Breaking the engagement with ED, the secretive, obsessive lover

by June Alexander and Emily Murray

What happens when you become engaged and marry while experiencing an eating disorder? To illustrate what can happen, here are two love stories. The first story is mine, which began when I was 16 and fell in love with George, and the second belongs to Emily Murray, who fell in love with, and recently married, Josh. Our love stories occur decades apart. The effects of ED and a strong religious faith are common to both. However, our stories differ in one crucial way: George was excluded from my recovery team, while Josh has been part of Emily’s team since day one.

My story

When I married at age 20, my untreated eating disorder came too. In my local community, I presented as a wife, mother, journalist, sister and daughter, as someone who made time to teach Sunday School, mow the church lawns and bake cakes for the school fair, who had everything one could possibly want. People would comment on all that I did and say, “My, you are so well organised.” However, my diary reveals a different story: daily lists and pledges reflecting attempts to gain some order and escape constant inner torment. Years later, in recovery, I would learn that these lists and pledges, laden with self-harming thoughts and feelings, were not of ‘true me’. For many years, even my diary behaved more like a disloyal friend or lover, than a trusted confidante, aligning with ED’s thoughts and behaviors instead of my own.

The rules and regulations, and the act of codifying them in my diaries, represented the only way I knew of coping and managing anxiety and pressure. For a time, they did help me to survive. But simultaneously they were strengthening ED, disconnecting my authentic self from my body, and further isolating me from George.

ED thrives on secrecy that generates worthlessness and despair, and encourages self-abuse and social isolation. I was incapable of recognizing this at the time, and George and my family didn’t understand what was happening either. I was considered aloof, impolite and self-centered, but my diary chronicled the true story – the disintegration of self, as the eating disorder made itself at home in my mind.

Moods seesawed from this:

“The good news is that I’ve stayed on my diet and weigh xxx. I haven’t weighed this little since our wedding day, almost eight years ago! If I can hang on to this control, everything will be okay.”

– Author’s diary, December 15, 1978

To this:

“I’ve been disgracing myself perpetually all day by compulsively eating. I am so fat. Ugh! I’m ashamed to have George feel me!”

– Author’s diary, October 6, 1979

Eventually, ED swept me into a meaningless void. I lost touch with ME completely, and also with George. In my 20’s and 30’s, efforts to “keep busy as a way of coping” were never enough; I became a non-person.

Love for my young children gave strength to share my inner story with a doctor for the first time. In my mid-30’s, when a correct diagnosis was made, ED retaliated and convinced me that George was the cause of my inability to feel at peace. Once this thought took hold, our marriage was destroyed in a matter of weeks. ED had reduced my choice to “leave home or die.”

Of course, ED went with me:

“Three years have passed since my marriage breakup, three years of searching, seeking identity, purpose, meaning, in life. I’ve concluded I am a prisoner to myself. If I don’t set myself free, and take a stand, I will live the rest of life feeling frustrated, and unfulfilled; I will not know the joy of inner peace, or achievements I can enjoy if my energies are set free in a positive way.

I can see … much of my creative energy has been wasted in a negative way; I have turned it on myself, my own private obsession with food has robbed me of my true self. I have had some hard lessons. I know I can live with myself only if I accept that my mistakes, my bad experiences, can be the catalyst, the seeds, for new beginnings and fulfillment.”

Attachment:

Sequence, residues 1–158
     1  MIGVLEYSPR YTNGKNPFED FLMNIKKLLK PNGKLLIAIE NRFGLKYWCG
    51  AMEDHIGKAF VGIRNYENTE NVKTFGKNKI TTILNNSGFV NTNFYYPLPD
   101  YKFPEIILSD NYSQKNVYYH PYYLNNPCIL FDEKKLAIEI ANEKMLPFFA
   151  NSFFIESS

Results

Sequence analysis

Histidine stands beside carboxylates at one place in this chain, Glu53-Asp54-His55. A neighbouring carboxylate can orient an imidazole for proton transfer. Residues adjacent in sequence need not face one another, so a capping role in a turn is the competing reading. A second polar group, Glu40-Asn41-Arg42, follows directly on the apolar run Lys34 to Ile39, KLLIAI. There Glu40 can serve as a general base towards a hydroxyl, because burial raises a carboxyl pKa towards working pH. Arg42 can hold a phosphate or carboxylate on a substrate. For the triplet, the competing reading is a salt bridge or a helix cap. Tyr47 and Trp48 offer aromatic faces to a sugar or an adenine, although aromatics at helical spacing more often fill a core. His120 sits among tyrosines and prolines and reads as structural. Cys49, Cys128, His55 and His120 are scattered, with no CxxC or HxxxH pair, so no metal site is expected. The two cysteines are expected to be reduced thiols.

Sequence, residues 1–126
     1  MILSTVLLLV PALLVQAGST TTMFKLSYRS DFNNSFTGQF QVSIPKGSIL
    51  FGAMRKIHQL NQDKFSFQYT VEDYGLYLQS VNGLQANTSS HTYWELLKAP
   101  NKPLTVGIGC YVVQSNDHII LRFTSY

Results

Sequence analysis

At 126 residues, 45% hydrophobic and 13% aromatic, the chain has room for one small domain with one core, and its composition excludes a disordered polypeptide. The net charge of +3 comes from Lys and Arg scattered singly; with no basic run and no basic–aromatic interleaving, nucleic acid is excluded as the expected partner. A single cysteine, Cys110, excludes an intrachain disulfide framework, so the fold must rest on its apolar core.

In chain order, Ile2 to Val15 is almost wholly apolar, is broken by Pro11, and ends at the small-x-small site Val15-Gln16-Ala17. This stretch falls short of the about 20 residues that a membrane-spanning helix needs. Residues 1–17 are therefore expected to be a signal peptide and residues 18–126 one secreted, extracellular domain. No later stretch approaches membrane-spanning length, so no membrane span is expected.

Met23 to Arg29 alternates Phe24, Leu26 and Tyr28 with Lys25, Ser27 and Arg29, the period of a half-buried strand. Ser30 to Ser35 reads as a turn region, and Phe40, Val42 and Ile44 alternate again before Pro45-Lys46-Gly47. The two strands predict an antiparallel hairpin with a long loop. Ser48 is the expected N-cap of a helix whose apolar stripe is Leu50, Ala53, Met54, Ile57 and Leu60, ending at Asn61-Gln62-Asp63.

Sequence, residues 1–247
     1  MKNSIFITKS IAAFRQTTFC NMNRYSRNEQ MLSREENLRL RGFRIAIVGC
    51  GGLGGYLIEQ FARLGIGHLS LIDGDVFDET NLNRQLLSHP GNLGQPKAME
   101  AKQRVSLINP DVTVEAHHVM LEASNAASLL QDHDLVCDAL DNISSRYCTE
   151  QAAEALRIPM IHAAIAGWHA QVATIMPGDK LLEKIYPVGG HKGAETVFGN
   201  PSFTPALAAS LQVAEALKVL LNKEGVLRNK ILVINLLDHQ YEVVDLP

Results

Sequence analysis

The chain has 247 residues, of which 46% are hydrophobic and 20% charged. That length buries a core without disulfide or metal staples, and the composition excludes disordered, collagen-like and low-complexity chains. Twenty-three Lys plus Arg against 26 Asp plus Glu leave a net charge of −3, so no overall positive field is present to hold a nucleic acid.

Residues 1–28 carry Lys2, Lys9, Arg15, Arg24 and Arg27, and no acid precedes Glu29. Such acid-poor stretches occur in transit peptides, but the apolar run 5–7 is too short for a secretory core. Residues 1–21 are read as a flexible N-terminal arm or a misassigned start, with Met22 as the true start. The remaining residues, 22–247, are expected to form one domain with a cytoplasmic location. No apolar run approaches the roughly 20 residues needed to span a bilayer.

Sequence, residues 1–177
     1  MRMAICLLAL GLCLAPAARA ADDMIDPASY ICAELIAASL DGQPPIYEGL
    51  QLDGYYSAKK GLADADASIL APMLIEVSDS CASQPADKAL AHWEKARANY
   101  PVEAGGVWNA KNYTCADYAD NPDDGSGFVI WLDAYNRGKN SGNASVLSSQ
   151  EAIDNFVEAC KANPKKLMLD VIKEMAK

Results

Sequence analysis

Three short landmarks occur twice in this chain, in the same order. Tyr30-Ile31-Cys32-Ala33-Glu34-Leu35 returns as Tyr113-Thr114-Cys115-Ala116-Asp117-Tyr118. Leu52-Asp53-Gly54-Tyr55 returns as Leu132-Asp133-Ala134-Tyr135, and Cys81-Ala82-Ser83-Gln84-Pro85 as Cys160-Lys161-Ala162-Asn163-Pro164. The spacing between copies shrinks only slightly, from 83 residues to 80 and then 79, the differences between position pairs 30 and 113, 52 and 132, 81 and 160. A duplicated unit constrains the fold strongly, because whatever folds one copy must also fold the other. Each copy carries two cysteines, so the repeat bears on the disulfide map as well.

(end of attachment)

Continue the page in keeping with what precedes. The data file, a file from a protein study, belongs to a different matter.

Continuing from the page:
– Author’s diary, 1989

My healing took an important step forward when a minister of religion joined my recovery team and patiently offered repeated assurance that “God is in favor of new starts.” This assurance was repeated many times as I sobbed to him in shame, guilt and despair about not only the loss of marriage, family and self, but also integrity, moral values, dreams, soul and structures on which daily life hitherto had been based.

Biologically, things were as good as they would get. Which left the psychosocial aspect – including the effects of living environment, relationships and support on my psychological state. For me, my diaries testify, this part of the healing process required overcoming many challenges. For a long time after the breakdown of my marriage to George, who was everything (safe, secure and stable) that ED was not, chaos continued to accompany me everywhere.

* Read more about my love story and healing journey in my memoir, A Girl Called Tim, and Using Writing as a Therapy for Eating Disorders – The Diary Healer.

 Emily’s story

Never did I dream that I would have an eating disorder during my engagement. Never did I dream that I would be “medically unstable” as a 20-year-old college student. Never did I dream that I would be so ridden by anxiety and depression that I feared eating. Never did I think that I would be experiencing the most painful and the most joy-filled thing in my life at the same time. None of that was a part of the plan…at all.

In March of 2016 I was diagnosed with anorexia. All of a sudden, “in sickness and in health” became a real and daily reality in my relationship with my fiancé, Josh. We didn’t understand why God wasn’t answering our prayers, why the progress seemed so slow, and why all of a sudden life had gotten so hard. Our relationship wasn’t filled with fun and laughter…often times it was filled with frustration, confusion, and pain. I wasn’t myself and my eating disorder had overtaken me. I was often irritable, moody, emotional, angry, frustrated, and sad because I was slowly starving. For a period, I wasn’t able to separate myself from my eating disorder. I thought the worst parts of my eating disorder were the best parts of me. I felt unlovable and hopeless. I often wondered why Josh would want to stay with someone who had an eating disorder, in addition to anxiety and depression. I wondered how he could possibly have loved me in the state I was in…I often wondered how much longer he could handle taking care of me.